Health and Safety. For whom? – Risk Assessment. For whom?

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The above is Burdock’s Famous Fish&Chips Shop reassuring their customers that their Fish Burger actually does contain… FISH! And that it may also contain… FISH! This is all about health and safety and risk assessment. Because if you have an allergy against fish and you buy a fish burger in Burdock’s, you eat it, and die of it –  they will be able to say:

You have been warned!

Tonight’s blog turned out to be a bit longer than usual and then planned. But I thought it would be worthwhile sharing how ‘health and safety’ regulations and ‘risk assessment’ procedures can defy any common sense and, in practice, often amount to (at least a partial) denial of service if complied with. At least in our case.

So, read patiently on and let me know what you think. (And please keep in mind that none of the following is meant to be in any way a personal criticism of any one person in particular.)

We learned a day or so ago that for Pádraig to be transferred from the bed to the wheelchair three carers would have to be involved to comply with health and safety regulations based on a risk assessment. Now, there are never three carers in our house at any one time (except once when there had been a scheduling misunderstanding). There are not enough buttons to press and limbs to hold, there is not enough room for three carers to become involved around Pádraig’s transfer. To put it into perspective, they had been doing this for weeks with two carers; I can transfer Pádraig safely on my own, and so can other family. So whose health and safety, whose risk are we talking about? What are the carers there for if they cannot perform one of the very basic tasks ever, the transfer, because there won’t ever be enough of them there at the same time?

We bought a tilt table. Not because we wanted to but because this was the only way to get Pádraig standing up on his feet. For months. It’s a tilt table with the European CE mark showing it is approved medical equipment complying with European standards and regulations. Pádraig had been standing before in a standing bed, in an EasyStand, in an Erigo, and in a Lokomat, and there was no issue there with him standing in a tilt table. Now we have been told that Pádraig’s carers are only allowed to assist with the transfer from the bed to the tilt table because it’s similar to the transfer from the bed to the wheelchair. They are, however, not allowed to hold his head while he is in the tilt table because… well, because holding his head in a tilt table is apparently different from holding his head in the wheelchair, when helping him to eat, when he is in the hoist. Something (I’m not quite sure anymore what) will have to be assessed to ensure all health and safety regulations are observed and there is no risk. Risk to whom? (You will remember that one of the physios called Pádraig’s GP because she was concerned about his oxygen levels – when Pádraig had not stood for months. If that was not a health and safety issue – and, indeed, an utterly unnecessary and grotesque risk for Pádraig! You don’t need to be a doctor to know that not standing for months is really, and I mean: really, bad for your health.) So, risk to whom and of what?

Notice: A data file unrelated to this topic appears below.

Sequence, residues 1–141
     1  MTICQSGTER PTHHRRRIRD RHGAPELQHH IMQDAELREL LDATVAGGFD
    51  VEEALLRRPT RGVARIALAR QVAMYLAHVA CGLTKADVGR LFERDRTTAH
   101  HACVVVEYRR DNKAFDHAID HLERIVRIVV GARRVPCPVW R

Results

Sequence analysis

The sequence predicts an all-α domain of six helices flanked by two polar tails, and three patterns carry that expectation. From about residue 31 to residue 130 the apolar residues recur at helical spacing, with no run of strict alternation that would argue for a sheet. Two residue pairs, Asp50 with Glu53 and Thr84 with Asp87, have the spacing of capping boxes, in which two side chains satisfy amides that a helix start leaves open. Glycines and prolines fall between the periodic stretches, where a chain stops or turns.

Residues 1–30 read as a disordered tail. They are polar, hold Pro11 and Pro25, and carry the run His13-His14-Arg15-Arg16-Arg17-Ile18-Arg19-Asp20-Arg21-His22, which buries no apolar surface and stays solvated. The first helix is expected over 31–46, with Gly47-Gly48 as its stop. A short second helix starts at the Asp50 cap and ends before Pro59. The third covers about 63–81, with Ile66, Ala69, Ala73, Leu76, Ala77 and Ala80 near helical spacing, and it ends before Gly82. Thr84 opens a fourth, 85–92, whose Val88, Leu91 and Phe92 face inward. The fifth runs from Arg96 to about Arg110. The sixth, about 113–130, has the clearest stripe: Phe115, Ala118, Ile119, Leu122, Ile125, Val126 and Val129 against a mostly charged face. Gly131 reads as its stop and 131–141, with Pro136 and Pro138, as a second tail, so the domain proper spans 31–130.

As you know, friends donated their mother’s wheelchair car to Pádraig when she had sadly passed away. In order to get the car insured, I needed to get an engineer’s report vouching for the car’s and its appliances’ safety. As you will also know, we drove Pádraig from Hamburg to Pforzheim and from there to Cherbourg and Dublin. When I wanted to bring Pádraig to his childminders and dear friend’s funeral not too long ago, the carer on duty refused to accompany us in the car – so we walked. It has now transpired that carers are not allowed to accompany the person they care for in a car unless this car has been assessed to ensure all health and safety regulations are observed and there is not risk. Risk to whom?

Pádraig recently got a new shower chair, a ‘device’ we have not used very often in the past because in Germany it was not practical. Pat and I have started to use it with Pádraig now and he is really enjoying it. We are still working to try and find the best possible way to operate the hoist, sling, shower chair and towels. Strangely, there is no problem from the ‘health and safety’ and ‘risk’ point of view for them to use the shower chair. Although – until we have figured out ourselves how to use this, we will not allow the carers either.

Carers are not allowed to clean (although some things they are allowed to clean – I’ve just lost track of what) but they are allowed to stand in for physios and OT. So, not only are there no trained neuro-therapists available to provide regular treatment a number of times a week, carers – not trained and not qualified in therapy – are asked to stand in. I see serious health and safety issues, as well as great risk for Pádraig here.

There is no common sense in any of this. One thing is a funny sign warning customers that there may be fish in a fish burger. Another thing is a very serious perversion of what health is all about, what safety is all about, and what risk is all about.

And anyway – (most) people are smarter than senseless regulations. They know that fish burgers not just may, they actually do contain fish. And if they’re allergic to fish, they don’t eat fish burgers. Sign or no sign.

What do you think?

If you are free and would like to go out with Pádraig and myself tomorrow for our Wednesday outing at 2:30, please let me know.